Can you imagine a generation of children with greater access to technology, information and experience?
Most of our children never knew a day without personal digital music players, video gaming, personal computers, mobile phones and video cameras, recorders and players—often all combined in a single device. Kids rely on technology, no questions asked. Digital media are in their blood. As a class, kids are as comfortable on the internet as adults are with the channel changer and telephone—and just about as uncomfortable without it. Kids hardly think about technology. They don’t have to; it’s transparent; it just is.
And isn’t transparency what sophistication is about? When something is so ordinary I don’t have to think about it, I don’t. And if I don’t think about it, it really is a no-brainer. Sometimes that’s good (breathing comes to mind). Other times, not so much. Culture comes to mind.
Most kids grow up multicultural in ways that just a generation ago would have shocked everyone but the children of missionaries, soldiers, spies and diplomats. I think that’s good. There’s no turning back from globalization and I don’t want to backtrack. One Planet, One People and all that.
By the mid-90s Douglas Coupland was writing about “global teens” for whom passports and clearing customs were no big deal. Our youngsters travel farther and more frequently than any generation before them. They can afford to, because travel is so cheap compared to prior generations. The craziness of terrorism and America’s fall from international grace may have slowed all that somewhat but nothing, apparently, can stop it. The internet certainly plays its part—kids connecting with kids around the globe on a 24-hour clock. And digital media make it possible for anyone to follow the news from anywhere—good or bad—in a matter of hours...if not minutes...if not live.
Even if our children don’t go to the world, the world comes to our children—and not just Europeans (that is so 19th century). These days North American kids meet Asians, Central and South Americans, Africans, Islanders—people from everywhere. And they very likely have classmates born on this continent of parents who were born elsewhere. Not that there are no ethnic ghettos left but for the most part ghetto populations are aging, and everywhere from city centers to suburbs our children are exposed to a great feast of world music, clothing, food and cultural mashups.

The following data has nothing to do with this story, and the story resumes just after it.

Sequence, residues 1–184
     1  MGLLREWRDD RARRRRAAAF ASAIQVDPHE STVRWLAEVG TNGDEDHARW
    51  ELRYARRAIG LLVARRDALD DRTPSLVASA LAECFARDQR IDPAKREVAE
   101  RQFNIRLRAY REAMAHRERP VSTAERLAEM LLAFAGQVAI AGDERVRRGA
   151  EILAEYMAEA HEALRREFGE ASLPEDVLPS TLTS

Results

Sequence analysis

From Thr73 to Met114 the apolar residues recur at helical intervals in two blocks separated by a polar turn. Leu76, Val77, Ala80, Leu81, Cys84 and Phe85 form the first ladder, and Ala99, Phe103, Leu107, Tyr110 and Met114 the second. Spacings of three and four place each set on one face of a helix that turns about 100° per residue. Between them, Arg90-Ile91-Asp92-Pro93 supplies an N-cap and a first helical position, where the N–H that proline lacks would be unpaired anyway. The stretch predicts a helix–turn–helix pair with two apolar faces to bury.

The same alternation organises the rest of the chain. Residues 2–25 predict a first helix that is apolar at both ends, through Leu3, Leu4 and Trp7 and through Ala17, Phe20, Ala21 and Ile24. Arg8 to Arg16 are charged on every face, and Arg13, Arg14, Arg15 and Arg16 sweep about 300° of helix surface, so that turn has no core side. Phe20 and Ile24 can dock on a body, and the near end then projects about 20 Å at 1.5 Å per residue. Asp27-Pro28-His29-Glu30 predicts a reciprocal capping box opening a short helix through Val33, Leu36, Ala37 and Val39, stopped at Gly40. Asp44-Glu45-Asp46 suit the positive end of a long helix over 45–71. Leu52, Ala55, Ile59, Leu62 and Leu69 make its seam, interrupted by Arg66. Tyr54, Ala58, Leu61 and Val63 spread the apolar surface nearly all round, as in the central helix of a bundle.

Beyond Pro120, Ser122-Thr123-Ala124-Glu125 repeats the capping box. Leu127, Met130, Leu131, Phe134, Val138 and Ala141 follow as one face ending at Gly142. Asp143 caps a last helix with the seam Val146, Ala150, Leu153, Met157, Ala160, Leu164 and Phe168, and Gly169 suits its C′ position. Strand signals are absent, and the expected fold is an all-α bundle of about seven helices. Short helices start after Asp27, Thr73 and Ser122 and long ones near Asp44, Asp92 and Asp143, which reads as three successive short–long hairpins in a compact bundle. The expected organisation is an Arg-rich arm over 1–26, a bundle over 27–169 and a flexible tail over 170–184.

All this exposure makes our children the most sophisticated lot in the history of humankind.
It follows that the more exposure kids have to people in the subcultures that border their own, and the earlier that exposure begins, the more naturally they build relationships across boundaries that once seemed clear and permanent to their grandparents. This does not mean kids understand other cultures. There’s every indication they don’t and that they take their friends’ cultural identities for granted. Unexamined relationships across subcultures can be fragile. Xenophobia lurks just below the surface of the relational grid, and racism is not dead (though it’s certainly sick).
Learning to observe and understand and value other cultures and subcultures has a great deal to do with possessing the skills to perceive, understand and value one’s own culture. Developing that skill set is not a transparent no-brainer; it’s a process best learned in the company of personally and culturally mature adults. This of course raises the question: Does my child have access to such people? and, If not, how can we connect with such people and learn together?
All of which is to say it’s possible to be very sophisticated in terms of exposure and yet remain quite innocent—meaning, quite naive—about the significance of what we’ve observed and experienced but not yet understood.
— from Raising Adults